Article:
Shriner Peak

August 20, 2012

The trail angles upward away from the road, cutting south along the lower flank of Shriner Peak before curving to the east at around 0.75 mile.

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You can see chipmunks along the trail. Usually I have a hard time differentiating between Townsend's chipmunk and Yellow Pine chipmunk. I believe the one on the next picture is a Townsend's chipmunk.

Townsen's chipmunk can be identified by its tail which is grayish above and reddish below. Townsend's Chipmunk is named after John Kirk Townsend, an early 19th century ornithologist.

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Townsend's chipmunk

You can also see Blue grouse. Often been treated as a single variable taxon, it contains two closely related species: The Dusky Grouse and the Sooty Grouse.

The Sooty Grouse is found in the Pacific Coast Ranges and Sierra Nevada, and the Dusky Grouse in the Rocky Mountains.

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Blue grouse

The trail angles upward away from the road, cutting south along the lower flank of Shriner Peak before curving to the east at around 0.75 mile. Another mile-long climbing traverse leads to a short series of switchbacks. By this point, you've left the forest and entered first an old burned area--the silver snags and young new trees provide no shade--then venture up into the world of wildflower meadows.

At 2.5 miles, the trail crests a ridge leading up the south face of the peak.

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Mount Rainier

You can also see Black bears. At Mount Rainier you can find at least 56 mammal species; 11 species of amphibians and five species of reptiles; more than 229 species of birds; 8 species of native fish; but invertebrates probably represent 85% of the animal biomass in the park.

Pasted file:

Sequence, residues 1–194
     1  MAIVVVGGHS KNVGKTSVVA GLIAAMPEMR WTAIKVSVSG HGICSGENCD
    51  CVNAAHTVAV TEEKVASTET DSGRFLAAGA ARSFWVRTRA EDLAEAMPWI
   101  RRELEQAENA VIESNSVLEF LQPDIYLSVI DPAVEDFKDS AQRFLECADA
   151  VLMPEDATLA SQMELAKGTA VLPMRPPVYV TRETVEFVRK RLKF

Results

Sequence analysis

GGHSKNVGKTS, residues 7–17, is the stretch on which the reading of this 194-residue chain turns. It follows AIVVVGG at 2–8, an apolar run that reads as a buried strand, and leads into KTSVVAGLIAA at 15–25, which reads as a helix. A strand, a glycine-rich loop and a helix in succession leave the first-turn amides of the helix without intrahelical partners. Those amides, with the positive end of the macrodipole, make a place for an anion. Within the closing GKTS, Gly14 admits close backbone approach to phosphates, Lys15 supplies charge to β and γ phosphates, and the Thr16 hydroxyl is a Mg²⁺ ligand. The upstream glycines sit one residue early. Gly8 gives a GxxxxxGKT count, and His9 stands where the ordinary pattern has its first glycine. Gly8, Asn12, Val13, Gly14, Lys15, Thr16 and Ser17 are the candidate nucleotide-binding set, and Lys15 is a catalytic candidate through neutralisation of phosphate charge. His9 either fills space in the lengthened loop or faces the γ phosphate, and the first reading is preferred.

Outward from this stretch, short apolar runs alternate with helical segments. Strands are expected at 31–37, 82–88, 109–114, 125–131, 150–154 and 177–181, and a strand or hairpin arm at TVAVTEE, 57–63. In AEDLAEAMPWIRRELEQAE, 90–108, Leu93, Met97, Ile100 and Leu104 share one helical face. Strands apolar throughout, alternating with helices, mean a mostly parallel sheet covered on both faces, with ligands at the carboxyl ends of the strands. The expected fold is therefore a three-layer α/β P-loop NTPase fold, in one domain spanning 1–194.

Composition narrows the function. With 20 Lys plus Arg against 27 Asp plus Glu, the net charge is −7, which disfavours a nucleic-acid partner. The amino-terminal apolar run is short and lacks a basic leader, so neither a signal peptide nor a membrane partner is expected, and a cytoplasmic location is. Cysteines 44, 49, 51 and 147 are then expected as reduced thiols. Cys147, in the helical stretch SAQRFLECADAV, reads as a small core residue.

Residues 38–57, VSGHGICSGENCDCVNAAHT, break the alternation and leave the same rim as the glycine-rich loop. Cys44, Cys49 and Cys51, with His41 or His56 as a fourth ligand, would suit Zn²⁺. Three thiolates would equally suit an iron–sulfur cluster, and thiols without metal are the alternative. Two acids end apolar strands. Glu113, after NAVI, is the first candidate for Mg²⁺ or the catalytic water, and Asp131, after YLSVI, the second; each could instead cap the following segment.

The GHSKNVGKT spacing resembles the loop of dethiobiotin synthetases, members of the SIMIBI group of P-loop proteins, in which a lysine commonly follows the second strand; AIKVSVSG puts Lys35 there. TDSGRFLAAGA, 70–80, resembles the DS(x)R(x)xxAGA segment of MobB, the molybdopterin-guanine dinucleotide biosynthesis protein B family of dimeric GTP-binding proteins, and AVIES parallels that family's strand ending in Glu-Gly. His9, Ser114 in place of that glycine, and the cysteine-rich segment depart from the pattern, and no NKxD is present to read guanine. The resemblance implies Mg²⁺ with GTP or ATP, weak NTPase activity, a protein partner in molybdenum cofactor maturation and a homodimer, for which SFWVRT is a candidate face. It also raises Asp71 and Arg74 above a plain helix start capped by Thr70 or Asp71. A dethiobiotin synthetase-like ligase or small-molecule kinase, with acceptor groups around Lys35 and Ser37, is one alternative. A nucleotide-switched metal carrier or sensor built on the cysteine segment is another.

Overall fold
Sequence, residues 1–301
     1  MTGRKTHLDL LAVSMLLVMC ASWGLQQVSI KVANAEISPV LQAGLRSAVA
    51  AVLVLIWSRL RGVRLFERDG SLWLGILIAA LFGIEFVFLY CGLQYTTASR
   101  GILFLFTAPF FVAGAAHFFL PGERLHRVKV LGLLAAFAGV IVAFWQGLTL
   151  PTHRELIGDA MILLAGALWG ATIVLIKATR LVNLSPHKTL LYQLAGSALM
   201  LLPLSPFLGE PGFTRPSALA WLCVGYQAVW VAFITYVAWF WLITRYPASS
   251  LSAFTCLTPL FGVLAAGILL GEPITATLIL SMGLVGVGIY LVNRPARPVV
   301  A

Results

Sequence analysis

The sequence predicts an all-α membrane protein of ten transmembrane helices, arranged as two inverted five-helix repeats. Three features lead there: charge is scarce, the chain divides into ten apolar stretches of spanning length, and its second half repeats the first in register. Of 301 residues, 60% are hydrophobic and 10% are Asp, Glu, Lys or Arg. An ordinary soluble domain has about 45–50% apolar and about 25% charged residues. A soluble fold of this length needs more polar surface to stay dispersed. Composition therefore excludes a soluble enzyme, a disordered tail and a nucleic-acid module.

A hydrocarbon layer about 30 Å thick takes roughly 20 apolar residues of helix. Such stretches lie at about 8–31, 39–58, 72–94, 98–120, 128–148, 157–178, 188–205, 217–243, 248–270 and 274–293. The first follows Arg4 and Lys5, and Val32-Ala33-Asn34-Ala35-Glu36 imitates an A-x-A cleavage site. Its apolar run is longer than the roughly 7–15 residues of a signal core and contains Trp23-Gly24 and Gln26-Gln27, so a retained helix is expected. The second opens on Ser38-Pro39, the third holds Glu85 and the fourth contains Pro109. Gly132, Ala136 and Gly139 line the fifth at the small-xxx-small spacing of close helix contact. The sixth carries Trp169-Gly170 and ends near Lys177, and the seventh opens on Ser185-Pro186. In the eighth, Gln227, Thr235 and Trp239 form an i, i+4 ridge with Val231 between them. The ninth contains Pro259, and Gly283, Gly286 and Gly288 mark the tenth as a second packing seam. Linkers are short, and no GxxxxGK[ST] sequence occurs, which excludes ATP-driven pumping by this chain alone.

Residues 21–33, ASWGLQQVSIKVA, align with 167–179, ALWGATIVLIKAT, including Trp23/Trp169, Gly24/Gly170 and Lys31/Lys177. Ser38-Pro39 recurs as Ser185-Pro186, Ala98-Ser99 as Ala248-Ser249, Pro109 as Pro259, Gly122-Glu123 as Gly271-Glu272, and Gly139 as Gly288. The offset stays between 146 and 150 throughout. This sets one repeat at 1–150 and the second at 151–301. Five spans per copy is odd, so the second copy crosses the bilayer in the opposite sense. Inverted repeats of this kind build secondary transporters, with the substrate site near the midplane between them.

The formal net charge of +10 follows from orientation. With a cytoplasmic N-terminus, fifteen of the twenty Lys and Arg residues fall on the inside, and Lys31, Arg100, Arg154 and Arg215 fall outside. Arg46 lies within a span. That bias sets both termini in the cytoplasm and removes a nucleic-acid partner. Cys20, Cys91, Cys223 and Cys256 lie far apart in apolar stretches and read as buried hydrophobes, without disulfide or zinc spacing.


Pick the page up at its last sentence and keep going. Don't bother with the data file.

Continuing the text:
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In 1792, Captain George Vancouver of the British Navy became the first European to sail into the Puget Sound. On the horizon, he noted a large, snowy mountain, known to local Native Americans as Tahoma, Takhoma, or Tacobet. Vancouver named it for his colleague Rear Admiral Peter Rainier.

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Wildflower Meadows

Much of this route is exposed, and since it faces south-southwest, it gets the full force of the solar heating. In other words, this hike can be a cooker during midsummer. Best bet is to start early, since the worst of the heating occurs in the afternoon.

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Afer the 2.5 mile you climb north into increasingly clear and spectacular views. Keep climbing on the dusty trail for the final 1.75 mile to the 5834-foot summit and its fantastic panoramas.

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At 4,392 m, Mt. Rainier is considered one of the most dangerous volcanoes in the world, and it is on the Decade Volcano list. Because of its large amount of glacial ice, Mt. Rainier could potentially produce massive lahars that would threaten the whole Puyallup River valley.

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Hiking Trip Statistics

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Region: Cascades Mountains
Difficulty: Moderate
Time: 5.5 hours
Distance: 14 km (roundtrip)
Elevation Gain: 1040 meters
Hiking Season: Late July - October
Camping: Yes (2)
Dog Friendly: Yes
Public Transit: No

Coordinates
1. 46.8037815392018-121.554764136672 Elev: 733 m Trailhead
2. 46.8136047944427-121.530501376838 Elev: 1770 m Shriner Peak

Download coordinates and route. Upload the data to your GPS using GPS Trackmaker

How to get there

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From Enumclaw, drive east about 47 miles on State Route 410 to the junction with SR 123 at Cayuse Pass. Stay right (straight ahead) to merge onto SR 123-Cayuse Pass Highway. Find the trailhead parking area on the right about 7.5 miles south of that junction. Park on the right (west) side of the highway and find the trailhead on the east side of the road.

Driving distance from Vancouver: 368 km (228 mi)
Driving time from Vancouver: Approx. 5 hours

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